|"Custom Carvings from Deer, Elk and Moose Antler "
In the animal kingdom, male elk use their antlers to carve out a place for themselves in the herd. In King Hill, (Idaho) Knight C Duerig is carving elk antlers to carve out a place for himself as an artist.
Knight began carving antler over eighteen years ago with intentions of using his skills as a moneymaking enterprise to supplement his income. But soon the demands of family and raising two boys forced him to put his plan on hold. Today, with the boys raised and on their own, and a few hours of free time in the wee hours of the morning, Knight is once again able to pursue his vision.
To understand the work involved in carving antler, it is important to know a little about the material.
Antlers emerge on male elk in the spring and continue to grow (in some cases up to 1/2-inch per day) throughout the summer. They begin as a cartilage-like substance covered by hairy skin, called velvet. In order to keep up with rapid growth, the bull's body mobilizes calcium from it entire skeletal system. Minerals are replaced in the skeletal bones with dietary nutrients as antler growth slows.
During the fall rut testosterone levels increase causing mineralization of the cartilage-like tissue. After the breeding season hormonal levels drop weakening the tissue at the base of the antlers causing them to fall off.
Every year, people trek to the elk grounds in search of antlers. Knight is not one of them. To obtain raw material, Duerig relies on trade with friends and hunters, Ebay and other legal sources. The mineralization of the antler creates a very hard, albeit porous material. So hard, in fact, that Knight relies on mototools, and saws to create his pieces. Hand tools can be used, but it take four-to-five times longer to complete a carving, Duerig explained. Dust produced when sawing or carving on antler can irritate lung and sinus membrane, so Knight always uses a mask.
The part of the antler Knight uses is dictated by what he intends to carve. Typically, larger pieces and belt buckles are made from the butt end of the antler, which can be as wide as four inches. The butt end comes from the area where the antler attaches to the skull. Other carvings are created from a slab cut from the side of the antler.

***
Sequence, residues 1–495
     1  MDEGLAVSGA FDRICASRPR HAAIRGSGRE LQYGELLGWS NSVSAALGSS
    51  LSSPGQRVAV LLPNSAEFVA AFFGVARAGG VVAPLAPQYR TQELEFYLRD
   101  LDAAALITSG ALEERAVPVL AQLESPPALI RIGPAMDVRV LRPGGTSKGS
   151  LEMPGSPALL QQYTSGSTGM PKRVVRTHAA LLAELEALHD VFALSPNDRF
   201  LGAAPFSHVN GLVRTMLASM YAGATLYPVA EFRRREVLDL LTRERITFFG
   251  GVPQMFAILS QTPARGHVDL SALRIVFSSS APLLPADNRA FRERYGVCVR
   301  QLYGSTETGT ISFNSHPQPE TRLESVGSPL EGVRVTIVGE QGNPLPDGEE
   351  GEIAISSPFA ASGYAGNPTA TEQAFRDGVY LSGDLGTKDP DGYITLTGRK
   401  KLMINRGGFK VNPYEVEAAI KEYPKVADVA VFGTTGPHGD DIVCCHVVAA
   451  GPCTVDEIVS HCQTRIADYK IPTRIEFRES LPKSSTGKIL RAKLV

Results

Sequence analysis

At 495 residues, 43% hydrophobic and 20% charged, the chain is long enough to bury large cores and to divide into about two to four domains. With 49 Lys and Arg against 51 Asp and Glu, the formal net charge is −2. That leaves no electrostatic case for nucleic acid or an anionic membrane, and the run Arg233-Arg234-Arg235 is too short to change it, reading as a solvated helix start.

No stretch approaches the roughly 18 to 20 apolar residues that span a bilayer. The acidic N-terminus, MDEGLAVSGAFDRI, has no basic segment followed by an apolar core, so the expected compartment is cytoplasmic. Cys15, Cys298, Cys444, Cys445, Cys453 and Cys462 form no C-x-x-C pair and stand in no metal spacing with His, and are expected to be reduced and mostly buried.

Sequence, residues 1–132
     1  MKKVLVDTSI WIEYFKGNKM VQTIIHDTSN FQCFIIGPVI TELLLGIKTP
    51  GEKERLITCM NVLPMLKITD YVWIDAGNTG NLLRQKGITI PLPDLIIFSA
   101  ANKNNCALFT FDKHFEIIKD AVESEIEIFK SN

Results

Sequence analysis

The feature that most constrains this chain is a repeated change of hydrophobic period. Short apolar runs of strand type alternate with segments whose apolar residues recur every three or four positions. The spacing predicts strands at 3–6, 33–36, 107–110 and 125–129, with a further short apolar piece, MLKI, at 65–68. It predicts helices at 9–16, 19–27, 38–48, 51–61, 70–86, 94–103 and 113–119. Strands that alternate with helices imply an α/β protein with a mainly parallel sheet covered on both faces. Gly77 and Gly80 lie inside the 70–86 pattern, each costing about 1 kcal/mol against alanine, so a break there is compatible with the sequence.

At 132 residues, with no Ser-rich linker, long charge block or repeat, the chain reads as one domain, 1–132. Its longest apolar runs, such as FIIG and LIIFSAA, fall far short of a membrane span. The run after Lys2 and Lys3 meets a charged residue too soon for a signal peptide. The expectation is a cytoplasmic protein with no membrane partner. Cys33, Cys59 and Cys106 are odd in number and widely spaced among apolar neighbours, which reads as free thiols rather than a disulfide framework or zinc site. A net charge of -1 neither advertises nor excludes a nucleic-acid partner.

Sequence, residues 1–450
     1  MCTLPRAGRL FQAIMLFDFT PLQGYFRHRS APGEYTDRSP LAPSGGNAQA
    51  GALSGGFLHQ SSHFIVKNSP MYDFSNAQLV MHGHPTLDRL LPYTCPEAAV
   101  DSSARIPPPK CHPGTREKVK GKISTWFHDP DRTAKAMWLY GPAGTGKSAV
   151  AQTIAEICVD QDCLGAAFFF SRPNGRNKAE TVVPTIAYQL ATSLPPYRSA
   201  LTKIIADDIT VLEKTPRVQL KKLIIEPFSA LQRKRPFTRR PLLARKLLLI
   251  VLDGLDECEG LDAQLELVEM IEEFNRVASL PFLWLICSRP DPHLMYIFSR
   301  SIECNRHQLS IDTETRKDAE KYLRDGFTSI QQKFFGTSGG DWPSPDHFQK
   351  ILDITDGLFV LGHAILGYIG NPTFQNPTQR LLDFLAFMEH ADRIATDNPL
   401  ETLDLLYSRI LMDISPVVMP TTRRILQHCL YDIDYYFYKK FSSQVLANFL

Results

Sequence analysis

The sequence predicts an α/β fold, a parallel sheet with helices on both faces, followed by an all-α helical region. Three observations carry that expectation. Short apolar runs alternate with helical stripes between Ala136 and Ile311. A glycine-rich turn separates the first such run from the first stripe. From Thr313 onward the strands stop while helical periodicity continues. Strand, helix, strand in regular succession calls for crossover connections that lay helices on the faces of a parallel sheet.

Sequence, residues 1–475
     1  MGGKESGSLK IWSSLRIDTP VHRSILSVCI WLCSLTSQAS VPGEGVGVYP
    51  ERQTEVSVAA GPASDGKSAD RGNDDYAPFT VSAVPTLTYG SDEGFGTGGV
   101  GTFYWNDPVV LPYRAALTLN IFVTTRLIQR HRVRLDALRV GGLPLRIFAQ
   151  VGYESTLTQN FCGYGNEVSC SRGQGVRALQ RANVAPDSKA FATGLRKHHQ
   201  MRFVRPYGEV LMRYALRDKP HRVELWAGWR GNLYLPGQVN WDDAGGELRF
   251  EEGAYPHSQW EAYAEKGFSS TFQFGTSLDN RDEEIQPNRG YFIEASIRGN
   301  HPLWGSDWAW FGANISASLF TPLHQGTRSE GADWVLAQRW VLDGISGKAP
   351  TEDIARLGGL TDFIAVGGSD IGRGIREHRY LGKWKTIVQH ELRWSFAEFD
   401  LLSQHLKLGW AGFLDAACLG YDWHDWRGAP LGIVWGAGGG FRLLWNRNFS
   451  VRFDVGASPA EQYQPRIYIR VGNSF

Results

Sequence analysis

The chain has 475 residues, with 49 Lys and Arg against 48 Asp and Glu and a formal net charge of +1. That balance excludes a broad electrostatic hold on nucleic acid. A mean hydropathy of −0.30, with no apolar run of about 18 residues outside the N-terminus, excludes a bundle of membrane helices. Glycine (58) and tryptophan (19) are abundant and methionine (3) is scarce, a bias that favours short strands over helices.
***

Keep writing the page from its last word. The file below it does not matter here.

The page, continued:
Knight also likes to use the natural curve of the antler to add interest to his carvings. Case in point, an eagle pendant he created for his sister has natural curvature that offers more depth to the piece.
Knight's smaller carvings also begin from a slab, and can be used for tie tacks, brooches, earrings or just display. He applies hardware on each piece to match its intended use. Each carving is mounted in a felt lined shadow box created by the artist. In this way, the carving can either be used by its owner as a wall display, or removed for use as jewelry or a belt buckle.
Knight does not hesitate to tell you that his primary goal is to make money to supplement his pending retirement. He has already sold several pieces locally, and is currently offering some of his work on Ebay. "I'm hoping to build a following by Ebay because there's not that much in the way of a local market," he explained. The first piece did sell locally. A pin he donated to the annual Three Island Crossing Organization Auction garnered $75; a fact that brings a smile to Knight's face.
He is offering only one piece at a time on Ebay, hoping to establish his work as collector's items, at which point the value (and price) goes up, Knight explained.
To produce a large eagle pendant, Knight first cut a large slab from the antler (about 1/2 - 3/8 inch thick). He then made a rough sketch of the carving right on the antler and began cutting away excess material. As Knight puts it, "take away anything that doesn't look like what you want it to look like." After the outline was cutout, he began detail work with a mototool, creating eyes, feathers, and other features. Using a torch and sand paper Knight can give more depth to the piece by creating shadow and highlight.(The finished carving refered to in the story can be seen here)
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Date Last Modified: January 1, 2008